Prayer List

 Please Keep in Your Prayers 

Al Caron

Joanne Caron

Patrick Caron

Peg Corrigan

Jack Holt

Rosemary Ogrady

Joan Ogrady

MaryBeth

Dorothy Mall

 

St. Patrick's Alumni News

Our hearts go out to Joanne Caron who lost her brother Francis Murray , 93 today.  Lets keep Joanne and her family in our prayers.

 

 

 

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Baptism

Holy Baptism holds the first place among the sacraments, because it is the door of the spiritual life; for by it we are made members of
Christ and incorporated with the Church. (http://www.newadvent.org)

Reconciliation

Reconciliation is a sacrament of the New Law instituted by Christ in which forgiveness of sins committed after baptism is granted through the priest's absolution to those who with true sorrow confess their sins and promise to satisfy for the same.

The Holy Eucharist

The Holy Eucharist refers to Christ's body and blood present in the consecrated
host on the altar. Eucharist refers to one of three aspects of Christ's body and
blood -- as sacrifice during the Consecration of the Mass, as Holy Communion,
and as Blessed Sacrament. These three aspects form the core of Catholic belief
on the Holy Eucharist.

Confirmation

Many of us have heard of the phrase “Baptized but not Catechized.” This can happen to many Catholics who were Baptized and, for many reasons, did not continue with their Religious Education.  Father Jones explains, “Learning about your beliefs is a life long process. Once we are 18, our learning about our Catholic religion should not just cease. Instead we should make every effort to learn and refresh ourselves on what we as Catholics believe in.” 
 
Holy Orders

Sacred ministers, those who serve the spiritual needs of others, in the Catholic Church are ordained by a bishop and by means of a special sacrament called Holy Orders.  This sacrament can only be received once, just like Baptism and Confirmation, but a man may also be ordained to a higher order up to the third degree. Jesus Christ instituted the Sacrament of Holy Orders at the Last Supper simultaneously with his institution of the Sacrament of Holy Eucharist. In order to be able to change bread and wine into the body and blood, soul and divinity of Christ, you need priests who have been given this power by virtue of their ordination.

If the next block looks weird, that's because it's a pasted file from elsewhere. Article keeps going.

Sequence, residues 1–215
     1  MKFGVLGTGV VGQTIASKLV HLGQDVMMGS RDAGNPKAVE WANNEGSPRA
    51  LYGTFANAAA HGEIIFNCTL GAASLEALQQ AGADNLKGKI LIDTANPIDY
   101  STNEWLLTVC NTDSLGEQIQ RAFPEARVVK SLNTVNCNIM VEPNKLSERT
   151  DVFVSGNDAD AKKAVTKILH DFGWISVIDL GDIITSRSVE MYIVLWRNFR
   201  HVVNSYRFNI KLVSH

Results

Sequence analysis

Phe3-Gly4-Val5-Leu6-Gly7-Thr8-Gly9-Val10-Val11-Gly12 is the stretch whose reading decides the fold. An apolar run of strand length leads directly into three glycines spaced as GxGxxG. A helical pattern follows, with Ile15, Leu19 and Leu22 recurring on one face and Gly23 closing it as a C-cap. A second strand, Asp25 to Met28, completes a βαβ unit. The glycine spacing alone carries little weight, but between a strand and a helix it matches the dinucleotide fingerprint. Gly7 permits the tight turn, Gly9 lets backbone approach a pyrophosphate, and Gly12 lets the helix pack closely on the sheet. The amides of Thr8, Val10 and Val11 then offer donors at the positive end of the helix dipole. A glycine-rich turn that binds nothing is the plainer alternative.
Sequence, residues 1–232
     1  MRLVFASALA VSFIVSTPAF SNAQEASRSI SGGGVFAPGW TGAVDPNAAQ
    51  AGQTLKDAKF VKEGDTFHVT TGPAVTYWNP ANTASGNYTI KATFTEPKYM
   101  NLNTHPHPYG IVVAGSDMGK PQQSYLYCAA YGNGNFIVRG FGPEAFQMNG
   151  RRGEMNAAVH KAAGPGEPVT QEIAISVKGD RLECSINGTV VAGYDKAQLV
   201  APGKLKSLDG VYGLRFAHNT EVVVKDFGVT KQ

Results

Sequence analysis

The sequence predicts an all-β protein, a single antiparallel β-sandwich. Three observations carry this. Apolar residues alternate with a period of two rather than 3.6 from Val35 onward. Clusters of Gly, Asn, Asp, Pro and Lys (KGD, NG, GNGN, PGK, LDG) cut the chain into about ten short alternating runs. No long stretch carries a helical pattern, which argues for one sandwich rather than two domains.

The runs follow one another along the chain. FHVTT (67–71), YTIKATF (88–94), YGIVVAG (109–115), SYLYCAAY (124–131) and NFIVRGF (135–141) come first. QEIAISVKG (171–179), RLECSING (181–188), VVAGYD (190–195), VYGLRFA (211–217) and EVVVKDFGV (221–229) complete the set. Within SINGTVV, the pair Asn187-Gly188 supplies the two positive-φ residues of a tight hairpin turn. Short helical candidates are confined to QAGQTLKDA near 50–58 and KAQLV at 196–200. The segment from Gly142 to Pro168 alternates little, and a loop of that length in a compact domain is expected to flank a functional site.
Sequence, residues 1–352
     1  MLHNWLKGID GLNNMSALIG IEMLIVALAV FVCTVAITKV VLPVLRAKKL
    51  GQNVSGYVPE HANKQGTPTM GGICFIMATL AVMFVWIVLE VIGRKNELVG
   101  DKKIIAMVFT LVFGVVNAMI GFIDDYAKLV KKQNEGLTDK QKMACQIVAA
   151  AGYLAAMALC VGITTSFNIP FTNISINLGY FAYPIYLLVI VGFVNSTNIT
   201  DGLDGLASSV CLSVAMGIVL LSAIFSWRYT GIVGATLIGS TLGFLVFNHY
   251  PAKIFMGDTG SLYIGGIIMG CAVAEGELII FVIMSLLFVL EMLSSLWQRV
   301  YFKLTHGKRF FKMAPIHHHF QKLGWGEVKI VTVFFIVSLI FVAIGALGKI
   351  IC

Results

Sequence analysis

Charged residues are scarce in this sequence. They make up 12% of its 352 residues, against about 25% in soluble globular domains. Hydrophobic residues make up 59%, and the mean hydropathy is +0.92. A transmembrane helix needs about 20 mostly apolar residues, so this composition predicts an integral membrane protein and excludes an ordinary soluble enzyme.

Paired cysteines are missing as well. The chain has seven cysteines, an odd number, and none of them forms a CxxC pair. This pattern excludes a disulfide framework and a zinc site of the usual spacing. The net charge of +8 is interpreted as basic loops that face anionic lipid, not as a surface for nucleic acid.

Anointing of the Sick

This sacrament was called Extreme Unction (last anointing), not because it was the last sacrament you received before passing on from this life but because it was the last anointing a person received. Baptism and Confirmation were the first two times a person would've been anointed. It was commonly called Last Rights, because before antibiotics and penicillin, more people died than recovered from disease and injury.  When the sick and injured weren't expected to survive, Extreme Unction was the sign that no more could be done, so the sick and injured were spiritually preparing for death. That's why even today, many of the elderly get upset when the Catholic hospital chaplain brings his purple stole and oils. They presume the worst and only see the sacrament as the begriming of the end.  In reality, the Anointing of the Sick is to offer prayers for possible recovery, but the more important intention is to give strength to the soul of the sick person. The Church believes that the sacrament offers a special grace to calm the spirit. The Sacrament of Anointing of the Sick also remits (absolves) all sins the person is sorry for but did not previously confess in the Sacrament of Penance. The Anointing of the Sick involves using Oil of the Sick - olive oil blessed by the bishop during Holy Week. Anointing with oil is not a magical or good-luck gesture but a sincere sign of supernatural assistance to coincide with the physical medicine and treatment already been given.